Despite the >30% decline in sheep numbers since 1990 (MAF, 2009), total national lamb meat production has increased by 12% over the same period. This reflects improvements in on-farm management practices, genetic gains for animals, higher quality pastures, animal and pasture based research and uptake of new knowledge by pastoral farmers.

Figure 36. Total sheep and breeding ewe population changes in New Zealand between 1994 and 2008
(Meat & Wool New Zealand Economic Service, 2009a).

In June 2000 it was estimated that 58% of all sheep were the dual purpose Romney. This was the dominant breed in the North Island and south of the South Island. In Canterbury, Marlborough and Otago the main breeds were Corriedale and Half breed dual purpose sheep which accounted for 6% and 4% of the national flock. South Island high country properties favour merinos (7% of all sheep) for their fine wool production. The other two major breeds are the Coopworth and Perendale which accounted for 10% and 7% of the national flock. The remaining 8% consists of crossbreeds, composites, Texel, Suffolk, Borderdale, Dorper, Poll Dorset and others. As producers move towards dual purpose flocks, genetics from Texel, Finn and East Friesian are being used to increase fertility and the meat production potential of the existing Romney, Perendale and Coopworth based flocks.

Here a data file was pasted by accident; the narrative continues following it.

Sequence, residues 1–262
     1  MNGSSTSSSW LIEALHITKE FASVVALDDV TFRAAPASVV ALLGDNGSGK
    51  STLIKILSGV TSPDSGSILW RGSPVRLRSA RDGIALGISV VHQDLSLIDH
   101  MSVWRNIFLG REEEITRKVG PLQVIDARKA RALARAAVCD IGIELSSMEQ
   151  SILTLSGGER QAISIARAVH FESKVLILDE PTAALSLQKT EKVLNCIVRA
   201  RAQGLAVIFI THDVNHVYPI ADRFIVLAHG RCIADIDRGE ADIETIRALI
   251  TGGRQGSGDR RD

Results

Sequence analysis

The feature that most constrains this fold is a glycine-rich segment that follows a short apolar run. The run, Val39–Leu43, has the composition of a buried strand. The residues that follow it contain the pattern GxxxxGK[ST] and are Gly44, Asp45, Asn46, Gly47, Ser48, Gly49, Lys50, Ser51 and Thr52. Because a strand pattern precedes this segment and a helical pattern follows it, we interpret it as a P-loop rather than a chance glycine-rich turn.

Half of New Zealand lamb exports in 2007/08 (volume) and 64% of lamb export receipts (value) were to the European Union. Of this, 30% was chilled lamb and 70% frozen. For the 2007/08 year (Sept) lamb exports accounted for NZ$ 2.52 billion (Meat & Wool New Zealand Economic Service, 2009a).

Wool